At this time of year, illness can develop quickly. One minute, your child is running and playing and the next moment, her cheeks are flushed and she is sitting in a listless slump due to a fever. Fevers cause a great deal of anxiety for parents and can make children feel awful. However, a fever is usually no cause for significant alarm.

What is a fever and how do I measure it?

Parents often refer to any temperature above 98.6 as a fever but doctors define it a little differently. Temperatures naturally fluctuate during the day and with different activities. In addition, there are a lot of myths about “adding” to a thermometer reading. Here’s what I recommend:

  • In children under 2 years, a rectal temperature is most accurate and a reading above 100.4 is a fever
  • In children over 2 years, an armpit temperature above 99 may signal a fever but this type of reading is very inaccurate. Consider taking a rectal temperature if the child cannot cooperate with an oral temperature. Again, rectal temperature above 100.4 is a fever.
  • After about 4 years of age, an oral temperature can be measured by placing the thermometer under the back of the tongue with the lips closed. A reading above 100 is considered a fever.
  • In general, forehead and ear temperatures are very inaccurate and I don’t recommend them

What does a fever mean?

Fever can mean your child has a viral illness like a cold or a stomach virus. Sometimes, fevers are associated with bacterial illnesses like strep throat, ear infections, and urinary tract infections. Other times, fevers result from an excited immune system like when your child receives immunizations. The degree of fever doesn’t help distinguish between these causes very much.

Is a fever dangerous?

Fevers are one of our body’s natural defenses against infection. Fevers can make children feel really bad but are not themselves dangerous. Lots of parents worry that high fevers will cause brain or organ damage but this is generally not true. In fact, it is very common for children, especially children under age 3 years, to run high fevers with common infections like colds. A high fever is no cause to panic although fever that lasts for more than 72 hours or is associated with other concerning symptoms may need to be evaluated in our office. If you are having trouble knowing how to handle your child’s fever, just call us at 919-467-5543. Our nurses are available 24/7 to answer your questions.

Should I treat my child’s fever? How?

If a child has a fever but seems to feel well and is eating and drinking normally, treatment is not necessary. If your child seems to feel bad and especially if they are drinking less, treatment is a good idea. In children from 2 months to 6 months, acetaminophen (Tylenol) is an option. After age 6 months, both Ibuprofen (Advil, Motrin) or acetaminophen (Tylenol) are good choices. The dose is based on weight and a dosing chart can be found at link to dosing chart (en espanol). It is also important to encourage your child to drink plenty of fluids as fever causes children to lose more fluids through sweating.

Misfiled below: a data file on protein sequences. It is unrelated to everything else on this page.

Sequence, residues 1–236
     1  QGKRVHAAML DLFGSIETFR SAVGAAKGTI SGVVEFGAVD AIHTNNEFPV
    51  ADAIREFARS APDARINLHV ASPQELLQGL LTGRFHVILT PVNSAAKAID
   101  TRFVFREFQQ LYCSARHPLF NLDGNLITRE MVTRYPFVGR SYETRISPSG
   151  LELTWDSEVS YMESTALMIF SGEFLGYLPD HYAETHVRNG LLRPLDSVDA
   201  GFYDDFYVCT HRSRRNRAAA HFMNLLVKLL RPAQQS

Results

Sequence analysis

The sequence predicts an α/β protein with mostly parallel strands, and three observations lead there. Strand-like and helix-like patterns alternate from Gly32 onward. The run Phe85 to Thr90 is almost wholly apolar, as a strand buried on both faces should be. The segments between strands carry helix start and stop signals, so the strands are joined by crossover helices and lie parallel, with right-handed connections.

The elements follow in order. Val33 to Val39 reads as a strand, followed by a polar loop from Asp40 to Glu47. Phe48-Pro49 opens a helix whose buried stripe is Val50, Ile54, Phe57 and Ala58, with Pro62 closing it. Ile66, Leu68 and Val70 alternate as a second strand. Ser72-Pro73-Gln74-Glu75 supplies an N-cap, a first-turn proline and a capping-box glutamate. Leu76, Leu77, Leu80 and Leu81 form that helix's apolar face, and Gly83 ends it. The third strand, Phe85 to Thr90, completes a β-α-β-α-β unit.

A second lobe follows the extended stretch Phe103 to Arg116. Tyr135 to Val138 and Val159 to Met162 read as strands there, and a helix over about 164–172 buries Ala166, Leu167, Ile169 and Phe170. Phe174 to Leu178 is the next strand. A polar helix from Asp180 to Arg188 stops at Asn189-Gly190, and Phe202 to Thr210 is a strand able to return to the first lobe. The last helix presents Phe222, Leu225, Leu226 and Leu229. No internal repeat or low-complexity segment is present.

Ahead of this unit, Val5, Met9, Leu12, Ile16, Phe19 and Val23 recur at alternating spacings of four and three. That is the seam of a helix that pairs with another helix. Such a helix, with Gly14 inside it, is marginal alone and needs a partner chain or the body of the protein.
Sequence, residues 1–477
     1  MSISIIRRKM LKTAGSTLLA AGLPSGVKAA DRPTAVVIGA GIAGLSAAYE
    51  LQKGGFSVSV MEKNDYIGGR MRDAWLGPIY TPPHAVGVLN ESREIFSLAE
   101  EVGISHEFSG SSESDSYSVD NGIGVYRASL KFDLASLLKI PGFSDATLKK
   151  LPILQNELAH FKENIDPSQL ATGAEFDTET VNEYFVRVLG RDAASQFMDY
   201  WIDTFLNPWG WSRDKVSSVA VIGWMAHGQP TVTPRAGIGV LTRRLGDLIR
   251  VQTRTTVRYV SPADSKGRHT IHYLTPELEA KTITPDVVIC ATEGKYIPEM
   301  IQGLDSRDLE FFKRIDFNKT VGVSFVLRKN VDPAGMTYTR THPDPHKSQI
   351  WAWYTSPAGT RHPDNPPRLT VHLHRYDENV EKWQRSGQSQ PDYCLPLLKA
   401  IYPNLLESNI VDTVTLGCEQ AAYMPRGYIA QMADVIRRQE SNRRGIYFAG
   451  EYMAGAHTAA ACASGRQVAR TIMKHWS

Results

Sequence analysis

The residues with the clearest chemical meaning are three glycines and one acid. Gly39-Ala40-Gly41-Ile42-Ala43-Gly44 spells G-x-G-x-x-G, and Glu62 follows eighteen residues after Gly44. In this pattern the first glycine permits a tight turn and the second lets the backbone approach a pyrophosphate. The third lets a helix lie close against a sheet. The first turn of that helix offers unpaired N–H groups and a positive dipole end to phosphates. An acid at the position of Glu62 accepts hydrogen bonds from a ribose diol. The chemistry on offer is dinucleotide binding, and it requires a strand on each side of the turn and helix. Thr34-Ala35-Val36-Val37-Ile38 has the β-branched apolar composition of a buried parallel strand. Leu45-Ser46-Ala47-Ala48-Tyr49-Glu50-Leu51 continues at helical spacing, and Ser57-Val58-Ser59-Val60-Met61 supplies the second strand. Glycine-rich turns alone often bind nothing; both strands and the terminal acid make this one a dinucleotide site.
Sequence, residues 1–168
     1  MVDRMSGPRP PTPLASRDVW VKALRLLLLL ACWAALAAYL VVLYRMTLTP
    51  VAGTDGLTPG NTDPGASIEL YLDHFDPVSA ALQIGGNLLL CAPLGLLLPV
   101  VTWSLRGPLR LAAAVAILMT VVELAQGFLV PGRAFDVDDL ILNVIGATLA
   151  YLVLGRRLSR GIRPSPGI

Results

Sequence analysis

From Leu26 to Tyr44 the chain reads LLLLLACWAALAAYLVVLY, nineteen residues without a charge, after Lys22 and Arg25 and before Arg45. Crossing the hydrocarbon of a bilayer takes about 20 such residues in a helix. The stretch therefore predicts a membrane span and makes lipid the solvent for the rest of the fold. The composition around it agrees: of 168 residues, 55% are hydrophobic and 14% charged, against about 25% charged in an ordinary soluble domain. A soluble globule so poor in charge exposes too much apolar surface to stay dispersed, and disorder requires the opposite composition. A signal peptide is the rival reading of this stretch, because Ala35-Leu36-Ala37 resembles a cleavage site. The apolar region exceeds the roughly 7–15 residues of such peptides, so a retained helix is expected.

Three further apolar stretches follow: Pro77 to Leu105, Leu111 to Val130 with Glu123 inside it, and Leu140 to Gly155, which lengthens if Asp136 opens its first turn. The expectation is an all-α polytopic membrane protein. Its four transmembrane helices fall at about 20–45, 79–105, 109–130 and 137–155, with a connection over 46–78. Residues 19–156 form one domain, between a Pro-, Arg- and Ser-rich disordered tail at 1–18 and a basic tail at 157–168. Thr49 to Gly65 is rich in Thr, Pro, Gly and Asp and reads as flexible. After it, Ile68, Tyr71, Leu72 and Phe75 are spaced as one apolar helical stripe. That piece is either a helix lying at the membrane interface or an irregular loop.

Remember, never treat fever in an infant younger than 2 months. Fever in these young babies needs to be evaluated by a physician right away. Please call our office to discuss your baby’s fever at 919-467-5543.

What about Febrile Seizures?

Some of you may have heard about children who experience seizures due to fevers. This occurs in about 1-3% of children between the ages of 3 months and 6 years. Most occur in children 12-18 months of age. These seizures are harmless and do not mean that a child has epilepsy. In children who get these types of seizures , they may occur many times but are always associated with a fever. By age 6, children outgrow these seizures. Often, the tendency to get febrile seizures runs in families. No specific treatment is required and your doctor can discuss with you how to keep your child comfortable and safe during these episodes. While fever is the cause of these seizures, parents do not need to take extra measures to prevent fever.

The bottom line:

Fever is a normal part of childhood illnesses.

Parents should expect that their children will get many illnesses with fever during the course of the year. As long as children seem comfortable and are drinking well, most fevers can be managed at home. Tylenol and Ibuprofen can be helpful and children should be encouraged to drink fluids. If the fever lasts beyond 3 days or if you are concerned about your child, we encourage you to call us. Sometimes a child may need treatment or you may just need reassurance. Either way, we are happy to see you in the office.